I’ve written it time and time again, so I’ll save further barraging for another date. Just don’t be shocked when the Rockets “fill-in” players around a couple of maxed out superstars are (instead of casual names like Carter, Meeks, and Hayward) Lin and Asik.

SCORE:  Houston – 2, Dallas – 1, Utah – 1, GS – 1, LAL – 1, Portland – .5


Sure, no one in the league might be trekking towards the playoffs like the Nuggets  (nine in a row/19-4 over their last 23, which is about an 11 on the Holy Shit Meter), but there are still a few outliers in this group that are just now reaching their peak.

Though they’re slowly attempting to right the ship, Golden State has been the complete opposite of this category as of late, going 6-12 over their last 18 games. On the same note, Utah is getting shelled in the second half of games, specifically in the third quarter, where they’ve allowed 111.8 points per 100 possessions while only scoring 92.8 over the course of their last seven games (2-6). (It should also be noted that even in those two wins, they scored 109.3 and allowed 136.5 in the third.)

On the opposite end of the spectrum, the Rockets are finding a groove, and Dallas is hitting their stride at the right time, winning five of their last six. The big winner here, though, remains the Lakers.

Rising from the depths of 17-25, Los Angeles has somehow collected themselves over time, now sitting three games above .500. Howard’s momentous 39 and 16 in Orlando may or may not have been an important niche and turning point of this season (let alone his career), but either way, the Lakers are building chemistry en route to a likely postseason berth.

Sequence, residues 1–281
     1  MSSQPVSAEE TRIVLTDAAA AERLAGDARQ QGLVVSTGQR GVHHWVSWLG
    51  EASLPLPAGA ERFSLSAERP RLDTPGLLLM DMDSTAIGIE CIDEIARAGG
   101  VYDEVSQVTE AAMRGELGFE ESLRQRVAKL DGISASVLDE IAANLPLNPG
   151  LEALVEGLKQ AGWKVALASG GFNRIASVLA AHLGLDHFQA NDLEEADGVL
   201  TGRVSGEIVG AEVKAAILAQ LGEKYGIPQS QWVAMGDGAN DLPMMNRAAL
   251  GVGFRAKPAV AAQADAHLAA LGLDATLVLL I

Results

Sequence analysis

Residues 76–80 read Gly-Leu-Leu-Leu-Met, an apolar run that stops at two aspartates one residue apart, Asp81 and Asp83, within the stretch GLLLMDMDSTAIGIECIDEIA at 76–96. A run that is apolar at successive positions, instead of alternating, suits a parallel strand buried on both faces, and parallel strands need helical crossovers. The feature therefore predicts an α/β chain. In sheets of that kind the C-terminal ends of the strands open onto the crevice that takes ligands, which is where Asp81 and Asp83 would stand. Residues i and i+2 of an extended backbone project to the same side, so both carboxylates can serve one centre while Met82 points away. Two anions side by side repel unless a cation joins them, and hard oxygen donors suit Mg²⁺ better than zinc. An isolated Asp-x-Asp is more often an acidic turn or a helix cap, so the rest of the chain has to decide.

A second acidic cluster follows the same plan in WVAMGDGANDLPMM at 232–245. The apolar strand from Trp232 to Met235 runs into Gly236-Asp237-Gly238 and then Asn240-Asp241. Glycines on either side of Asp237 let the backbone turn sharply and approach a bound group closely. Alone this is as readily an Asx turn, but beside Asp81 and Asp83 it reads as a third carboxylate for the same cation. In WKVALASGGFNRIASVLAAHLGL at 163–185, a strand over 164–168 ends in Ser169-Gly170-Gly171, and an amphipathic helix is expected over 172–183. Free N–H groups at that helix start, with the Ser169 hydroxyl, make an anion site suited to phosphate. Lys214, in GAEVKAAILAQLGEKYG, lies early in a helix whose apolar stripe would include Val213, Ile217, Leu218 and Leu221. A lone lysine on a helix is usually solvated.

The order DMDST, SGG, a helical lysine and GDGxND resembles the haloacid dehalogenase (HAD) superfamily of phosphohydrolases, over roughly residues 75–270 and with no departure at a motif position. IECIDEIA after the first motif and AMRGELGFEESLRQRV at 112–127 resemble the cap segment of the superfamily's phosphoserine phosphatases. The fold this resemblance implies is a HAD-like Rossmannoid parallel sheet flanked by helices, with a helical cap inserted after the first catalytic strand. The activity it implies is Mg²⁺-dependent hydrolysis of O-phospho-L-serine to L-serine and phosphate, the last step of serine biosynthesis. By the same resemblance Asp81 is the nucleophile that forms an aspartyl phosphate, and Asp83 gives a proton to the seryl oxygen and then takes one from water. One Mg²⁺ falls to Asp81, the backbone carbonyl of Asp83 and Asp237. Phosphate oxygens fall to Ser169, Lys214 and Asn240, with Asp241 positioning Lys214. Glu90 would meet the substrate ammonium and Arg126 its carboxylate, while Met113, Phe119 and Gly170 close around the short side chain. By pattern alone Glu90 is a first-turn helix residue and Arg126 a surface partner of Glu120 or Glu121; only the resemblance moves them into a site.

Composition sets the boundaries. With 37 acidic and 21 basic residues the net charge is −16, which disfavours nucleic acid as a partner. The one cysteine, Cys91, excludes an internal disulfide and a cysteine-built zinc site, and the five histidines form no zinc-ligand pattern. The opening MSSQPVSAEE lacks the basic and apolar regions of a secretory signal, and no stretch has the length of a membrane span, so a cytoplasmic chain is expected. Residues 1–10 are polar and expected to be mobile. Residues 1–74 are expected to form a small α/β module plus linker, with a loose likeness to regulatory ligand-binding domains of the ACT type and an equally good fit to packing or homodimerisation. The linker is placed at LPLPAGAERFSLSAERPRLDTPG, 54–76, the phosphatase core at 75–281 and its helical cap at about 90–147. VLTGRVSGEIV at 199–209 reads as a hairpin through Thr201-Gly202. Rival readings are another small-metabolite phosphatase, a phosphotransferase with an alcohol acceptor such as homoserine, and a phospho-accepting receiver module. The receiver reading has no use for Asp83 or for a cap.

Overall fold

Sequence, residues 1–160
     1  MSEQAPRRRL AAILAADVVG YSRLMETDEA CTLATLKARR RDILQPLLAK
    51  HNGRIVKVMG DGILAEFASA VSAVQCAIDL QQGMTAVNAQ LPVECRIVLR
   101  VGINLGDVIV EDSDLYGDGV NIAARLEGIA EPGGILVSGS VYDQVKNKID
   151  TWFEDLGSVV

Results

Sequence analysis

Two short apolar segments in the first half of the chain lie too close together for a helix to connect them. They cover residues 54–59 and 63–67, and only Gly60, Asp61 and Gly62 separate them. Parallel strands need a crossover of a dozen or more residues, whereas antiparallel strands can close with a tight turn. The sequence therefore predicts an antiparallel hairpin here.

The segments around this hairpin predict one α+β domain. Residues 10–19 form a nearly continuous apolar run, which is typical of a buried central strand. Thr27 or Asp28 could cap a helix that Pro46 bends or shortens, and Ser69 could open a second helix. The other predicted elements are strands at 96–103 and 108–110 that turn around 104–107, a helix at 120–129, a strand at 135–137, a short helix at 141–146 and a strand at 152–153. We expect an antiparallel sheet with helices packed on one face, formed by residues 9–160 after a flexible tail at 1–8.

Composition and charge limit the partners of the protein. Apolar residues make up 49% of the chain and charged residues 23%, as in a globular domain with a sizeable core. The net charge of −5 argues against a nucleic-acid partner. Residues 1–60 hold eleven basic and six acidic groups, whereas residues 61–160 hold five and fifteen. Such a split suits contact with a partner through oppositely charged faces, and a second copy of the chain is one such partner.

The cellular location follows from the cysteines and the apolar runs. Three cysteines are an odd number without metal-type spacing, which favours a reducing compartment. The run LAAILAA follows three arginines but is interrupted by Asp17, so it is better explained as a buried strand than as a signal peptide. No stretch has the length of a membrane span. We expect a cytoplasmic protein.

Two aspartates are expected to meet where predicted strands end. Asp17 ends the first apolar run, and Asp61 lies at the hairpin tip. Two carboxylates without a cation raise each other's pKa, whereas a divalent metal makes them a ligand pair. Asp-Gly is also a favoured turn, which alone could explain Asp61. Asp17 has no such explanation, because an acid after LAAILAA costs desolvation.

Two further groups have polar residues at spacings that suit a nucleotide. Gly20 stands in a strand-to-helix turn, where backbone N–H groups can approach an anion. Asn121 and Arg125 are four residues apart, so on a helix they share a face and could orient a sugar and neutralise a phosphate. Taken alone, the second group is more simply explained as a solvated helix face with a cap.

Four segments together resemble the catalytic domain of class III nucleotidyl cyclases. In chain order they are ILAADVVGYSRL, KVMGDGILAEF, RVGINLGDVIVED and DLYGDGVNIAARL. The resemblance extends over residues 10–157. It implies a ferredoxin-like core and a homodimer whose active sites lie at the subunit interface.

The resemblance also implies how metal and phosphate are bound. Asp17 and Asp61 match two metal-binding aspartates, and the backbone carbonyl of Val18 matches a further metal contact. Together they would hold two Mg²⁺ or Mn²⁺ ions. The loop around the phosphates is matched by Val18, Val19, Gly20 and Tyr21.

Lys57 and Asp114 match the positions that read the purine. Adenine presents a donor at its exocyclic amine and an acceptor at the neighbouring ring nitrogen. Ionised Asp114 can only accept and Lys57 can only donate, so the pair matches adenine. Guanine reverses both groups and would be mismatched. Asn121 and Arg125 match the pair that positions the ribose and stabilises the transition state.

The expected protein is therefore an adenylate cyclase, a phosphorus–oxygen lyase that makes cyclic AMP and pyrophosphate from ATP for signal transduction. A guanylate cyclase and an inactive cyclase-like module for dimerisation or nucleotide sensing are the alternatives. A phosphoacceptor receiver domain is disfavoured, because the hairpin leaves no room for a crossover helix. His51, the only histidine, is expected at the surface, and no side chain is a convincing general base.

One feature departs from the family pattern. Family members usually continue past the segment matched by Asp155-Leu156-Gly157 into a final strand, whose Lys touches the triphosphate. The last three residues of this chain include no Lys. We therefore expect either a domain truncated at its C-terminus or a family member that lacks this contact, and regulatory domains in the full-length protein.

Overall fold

SCORE:  LAL – 2, Houston – 1, Dallas – 1, GS – 0, Utah – 0, Portland – 0


Ladies and Gentlemen, welcome back to America’s favorite game show: GUESS! THAT! NAME!!

You already know how to play, so let’s jump straight into it. Ready? Ok, go ahead and…GUESS! THAT! NAME!!!

Your category is THE FINAL FIVE MINUTES…

Kyrie Irving – 43-90 FG, 47.8 FG%, 9-28 3FG, 32.1 3FG%

(Player A) – 17-34 FG, 50 FG%, 14-25 3FG, 56 3FG%

Answers locked? Well, if you guessed Wesley Matthews…YOU’RE CORRECT! Thanks for playing, and as always, please have your pets spayed or neutered.

Of the 38 players that qualified with 100+ minutes logged during the final five minutes of games (when CLUTCH statistics are tracked), Matthews has the highest shooting percentage from beyond the arc (per NBA Stats Database) and has been a constant go-to, along with Lillard.

I realize you want the ball in Kobe’s hand during those must-have moments, especially since he’s still playing out-of-this-world great. Or maybe you’ll even suffice with Harden/Virk Carwitzki. But come on, Portland is still in the negatives! Plus, we somehow have to make up for LaRue Martin, Mychal Thompson, Greg Oden, and Arvydas Sabonis (every Trail Blazers fan just smashed their computer).

SCORE: Portland – 2, LAL – 1.5, Dallas – 1, Houston – 1, Utah – 0, GS – 0

So, if you’ve been keeping track, the totals are as follows (drum roll, please)…

Houston – 7

Los Angeles – 5.5

Dallas – 4

Golden State – 3

Portland – 1.5

Utah – 0

And there you have it. I’m not saying it’s a fool-proof plan for figuring the West out, but it’s the best method we have